The GMC Granite Concept Vehicle; NAIAS launch piece


GMC Granite Stars On the Small, Small Screen
BY KEITH BARRY01.19.108:30 AM

Visitors to the youth-oriented GMC Granite concept’s new website will undoubtedly notice a black-and-white square positioned above the black-and-white square that is the GMC Granite concept. It’s called a QR code, and GM hopes it will revolutionize the way they advertise automobiles.

Things just haven’t been the same for GM since the days when Pat Boone and Dinah Shore (video) crooned about the ’59 Chevy Impala on TV variety shows. Today, the media audience is segmented more than ever, and it just doesn’t make sense for an automaker to spend millions for spots during Gary, Unmarried when anyone under 40 has their nose buried in a smartphone fingertagging friends on YouFace (we even watch 30 Rock on Hulu).

That’s why GM isn’t planning to waste money on television advertising should the GMC Granite or a similar vehicle make it to production. Steve Rosenblum, marketing director for GMC and Buick, told Automotive News that marketing aimed at younger consumers could help boost GM’s sales of smaller, more fuel-efficient cars.

With smartphones making up an estimated 40 percent of cellphone sales to those under 40 by next year, GM says those QR codes are key for attracting buyers too young to remember the Chevy Monza. QR, which stands for “quick reference,” allows smartphone users to take a picture of a barcode on a brochure or print ad and instantly be redirected to the GMC website for more information. Right now, most smartphone users have to download extra software to be QR compatible, so GM must be aiming their ads at the earliest of early adopters. It is still a concept car, after all.

The youth-oriented ad campaign dovetails with GM’s own positioning of the Granite. Last week in Detroit, GM said that the boxy hatchback was designed as an “urban utility vehicle” aimed at a “new generation” of GMC consumers who wanted bold exterior design with interiors reminiscent of loft-style apartments.

Measuring 161 inches from bumper to bumper, it’s a foot shorter than a Chevy Cobalt and by far the tiniest vehicle ever to wear the GMC badge. We’re guessing that if GMC keeps the “We Are Professional Grade” tagline, they’ll be marketing the Granite to an entirely different kind of professional.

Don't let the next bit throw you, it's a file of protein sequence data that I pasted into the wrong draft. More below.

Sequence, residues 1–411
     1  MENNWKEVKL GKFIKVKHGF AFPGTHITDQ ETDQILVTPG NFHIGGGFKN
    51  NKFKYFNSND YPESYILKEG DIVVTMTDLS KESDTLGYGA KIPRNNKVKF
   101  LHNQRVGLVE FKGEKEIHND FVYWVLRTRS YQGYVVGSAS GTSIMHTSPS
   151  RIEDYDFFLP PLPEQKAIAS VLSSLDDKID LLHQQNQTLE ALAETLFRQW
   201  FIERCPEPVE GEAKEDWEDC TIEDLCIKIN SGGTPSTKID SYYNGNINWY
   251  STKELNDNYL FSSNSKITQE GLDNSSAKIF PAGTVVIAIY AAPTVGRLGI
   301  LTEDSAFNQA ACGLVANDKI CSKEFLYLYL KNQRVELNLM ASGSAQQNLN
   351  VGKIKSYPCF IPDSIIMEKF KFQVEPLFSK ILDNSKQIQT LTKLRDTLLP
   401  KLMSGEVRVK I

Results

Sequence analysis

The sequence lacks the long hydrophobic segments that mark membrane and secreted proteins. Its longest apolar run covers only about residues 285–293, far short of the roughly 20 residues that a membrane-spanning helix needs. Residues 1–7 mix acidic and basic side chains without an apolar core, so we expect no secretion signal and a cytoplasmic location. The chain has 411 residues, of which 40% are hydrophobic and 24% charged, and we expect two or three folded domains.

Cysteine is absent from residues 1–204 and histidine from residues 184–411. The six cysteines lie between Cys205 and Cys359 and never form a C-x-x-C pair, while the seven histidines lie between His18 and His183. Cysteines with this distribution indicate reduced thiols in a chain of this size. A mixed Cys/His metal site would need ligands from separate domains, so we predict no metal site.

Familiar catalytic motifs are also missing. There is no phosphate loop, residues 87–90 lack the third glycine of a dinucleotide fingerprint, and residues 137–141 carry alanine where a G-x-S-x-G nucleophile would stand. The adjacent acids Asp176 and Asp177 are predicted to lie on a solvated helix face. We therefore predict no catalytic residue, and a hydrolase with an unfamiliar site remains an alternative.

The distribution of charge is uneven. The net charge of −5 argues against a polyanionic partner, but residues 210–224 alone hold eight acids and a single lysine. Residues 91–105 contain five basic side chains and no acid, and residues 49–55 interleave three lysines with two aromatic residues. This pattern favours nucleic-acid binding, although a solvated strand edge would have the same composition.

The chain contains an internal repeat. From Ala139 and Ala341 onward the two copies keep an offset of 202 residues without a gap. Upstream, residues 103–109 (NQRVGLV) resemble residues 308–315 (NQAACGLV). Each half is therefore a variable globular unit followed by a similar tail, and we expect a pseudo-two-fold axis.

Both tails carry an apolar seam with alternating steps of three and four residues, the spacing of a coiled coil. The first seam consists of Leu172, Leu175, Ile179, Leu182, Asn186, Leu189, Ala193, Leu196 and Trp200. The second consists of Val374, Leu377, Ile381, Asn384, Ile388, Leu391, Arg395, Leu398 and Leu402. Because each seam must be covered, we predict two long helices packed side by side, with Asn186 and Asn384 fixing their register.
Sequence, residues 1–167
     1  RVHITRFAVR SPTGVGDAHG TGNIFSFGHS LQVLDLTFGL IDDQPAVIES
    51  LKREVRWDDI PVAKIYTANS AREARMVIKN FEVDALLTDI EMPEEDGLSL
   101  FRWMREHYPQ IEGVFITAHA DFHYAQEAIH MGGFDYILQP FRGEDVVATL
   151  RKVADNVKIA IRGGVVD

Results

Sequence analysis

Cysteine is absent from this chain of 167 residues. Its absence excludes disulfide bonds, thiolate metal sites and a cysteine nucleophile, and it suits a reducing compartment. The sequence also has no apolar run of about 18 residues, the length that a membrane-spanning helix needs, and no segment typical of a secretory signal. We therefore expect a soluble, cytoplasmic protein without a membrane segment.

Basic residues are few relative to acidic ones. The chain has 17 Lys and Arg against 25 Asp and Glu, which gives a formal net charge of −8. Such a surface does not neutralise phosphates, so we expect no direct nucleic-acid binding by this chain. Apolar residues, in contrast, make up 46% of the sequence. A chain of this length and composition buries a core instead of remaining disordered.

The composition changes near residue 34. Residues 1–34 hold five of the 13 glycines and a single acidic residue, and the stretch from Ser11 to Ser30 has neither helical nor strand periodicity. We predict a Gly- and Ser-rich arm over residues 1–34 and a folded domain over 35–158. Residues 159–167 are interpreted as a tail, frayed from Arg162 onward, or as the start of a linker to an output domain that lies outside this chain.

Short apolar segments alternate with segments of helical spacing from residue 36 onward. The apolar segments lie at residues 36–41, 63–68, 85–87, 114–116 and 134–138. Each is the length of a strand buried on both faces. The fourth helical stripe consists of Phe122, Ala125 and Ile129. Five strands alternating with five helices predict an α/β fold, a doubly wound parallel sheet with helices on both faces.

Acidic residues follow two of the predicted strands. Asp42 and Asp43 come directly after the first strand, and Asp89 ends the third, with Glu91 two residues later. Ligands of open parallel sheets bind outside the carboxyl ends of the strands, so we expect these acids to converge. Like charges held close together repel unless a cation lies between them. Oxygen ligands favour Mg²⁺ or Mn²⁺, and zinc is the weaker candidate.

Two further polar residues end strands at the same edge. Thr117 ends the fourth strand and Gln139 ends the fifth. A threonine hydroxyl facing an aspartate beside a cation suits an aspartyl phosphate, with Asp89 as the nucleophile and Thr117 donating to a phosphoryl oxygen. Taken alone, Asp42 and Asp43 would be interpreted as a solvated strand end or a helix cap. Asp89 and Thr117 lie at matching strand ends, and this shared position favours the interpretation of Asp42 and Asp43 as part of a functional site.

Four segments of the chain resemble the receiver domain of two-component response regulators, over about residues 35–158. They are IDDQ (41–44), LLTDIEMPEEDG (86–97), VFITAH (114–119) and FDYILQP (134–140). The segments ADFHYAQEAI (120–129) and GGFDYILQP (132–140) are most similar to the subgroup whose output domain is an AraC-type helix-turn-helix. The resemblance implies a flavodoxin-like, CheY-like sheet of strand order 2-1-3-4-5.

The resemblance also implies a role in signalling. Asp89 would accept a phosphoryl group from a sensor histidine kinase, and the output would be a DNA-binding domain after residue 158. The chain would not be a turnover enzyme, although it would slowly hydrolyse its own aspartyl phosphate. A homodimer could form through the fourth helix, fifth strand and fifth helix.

Photo: Chuck Squatriglia /


The List of Massive Brands using QR Codes

Many people are asking if 2010 will be the year of QR Codes. We think the answer is a resounding “YES!” But you might think we’re biased because we live and breathe QR Codes. So please don’t take our word for it.

First, take a look at this Google Trends Chart which shows a steady increase in the world’s interest in QR Codes over the past few years. Now take look at the following list of 10 Massive Brands and their current or planned QR Code executions and draw your own conclusion:

1. December 2009 – Google announces that Favorite Places will contain QR Codes

2. January 2010 – GMC uses QR Codes to promote the new Granite vehicle

3. February 2010 – The Detroit Red Wings create a QR Code Game Program

4. February 2010 – The Weather Channel allows viewers to download the Weather Channel Android APP via a QR Code on live television

5. February 2010 – Best Buy uses QR Codes to directly link customers to mobile shopping

6. March 2010 – Ford uses a QR Code in a print ad for the Figo vehicle in an Indian newspaper

7. March 2010 – Chevy places QR Codes on cars during SXSW festival

8. March 2010 – Starbucks uses QR Codes in mobile APPs to allow consumers to pay at cash with a simple scan of a phone

9. March 2010 – Addidas Japan launches the FIFA World Cup 2010 site featuring a QR Code that takes you directly to the mobile version of the site

10. March 2010 – Facebook is about to give 450mil users and brands a QR Code linking to their Profile Page or Fan Page

Have you recently seen other Big Brands using QR Codes? Let us know.


Some of the video content behind the QR codes were designers’ interviews, as seen:

Design file of printed piece:

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